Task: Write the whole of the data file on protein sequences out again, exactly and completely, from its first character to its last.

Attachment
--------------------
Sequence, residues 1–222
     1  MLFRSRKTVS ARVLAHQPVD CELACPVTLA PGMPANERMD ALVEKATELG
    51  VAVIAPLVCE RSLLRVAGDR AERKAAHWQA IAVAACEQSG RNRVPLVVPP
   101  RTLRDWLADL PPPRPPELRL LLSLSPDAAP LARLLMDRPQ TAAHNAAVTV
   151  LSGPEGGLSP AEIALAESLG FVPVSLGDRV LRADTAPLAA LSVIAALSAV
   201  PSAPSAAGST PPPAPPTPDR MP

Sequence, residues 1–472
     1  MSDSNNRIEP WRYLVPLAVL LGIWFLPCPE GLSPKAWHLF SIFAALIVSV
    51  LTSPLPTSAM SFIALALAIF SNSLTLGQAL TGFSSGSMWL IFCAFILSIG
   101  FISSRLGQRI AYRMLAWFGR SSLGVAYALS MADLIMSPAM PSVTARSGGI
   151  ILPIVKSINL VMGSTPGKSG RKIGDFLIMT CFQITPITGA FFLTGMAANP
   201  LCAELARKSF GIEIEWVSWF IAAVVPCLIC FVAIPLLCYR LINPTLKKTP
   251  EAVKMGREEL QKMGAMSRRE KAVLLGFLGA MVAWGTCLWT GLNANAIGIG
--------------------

Sequence, residues 1–222
     1  MLFRSRKTVS ARVLAHQPVD CELACPVTLA PGMPANERMD ALVEKATELG
    51  VAVIAPLVCE RSLLRVAGDR AERKAAHWQA IAVAACEQSG RNRVPLVVPP
   101  RTLRDWLADL PPPRPPELRL LLSLSPDAAP LARLLMDRPQ TAAHNAAVTV
   151  LSGPEGGLSP AEIALAESLG FVPVSLGDRV LRADTAPLAA LSVIAALSAV
   201  PSAPSAAGST PPPAPPTPDR MP

Sequence, residues 1–472
     1  MSDSNNRIEP WRYLVPLAVL LGIWFLPCPE GLSPKAWHLF SIFAALIVSV
    51  LTSPLPTSAM SFIALALAIF SNSLTLGQAL TGFSSGSMWL IFCAFILSIG
   101  FISSRLGQRI AYRMLAWFGR SSLGVAYALS MADLIMSPAM PSVTARSGGI
   151  ILPIVKSINL VMGSTPGKSG RKIGDFLIMT CFQITPITGA FFLTGMAANP
   201  LCAELARKSF GIEIEWVSWF IAAVVPCLIC FVAIPLLCYR LINPTLKKTP
   251  EAVKMGREEL QKMGAMSRRE KAVLLGFLGA MVAWGTCLWT GLNANAIGIG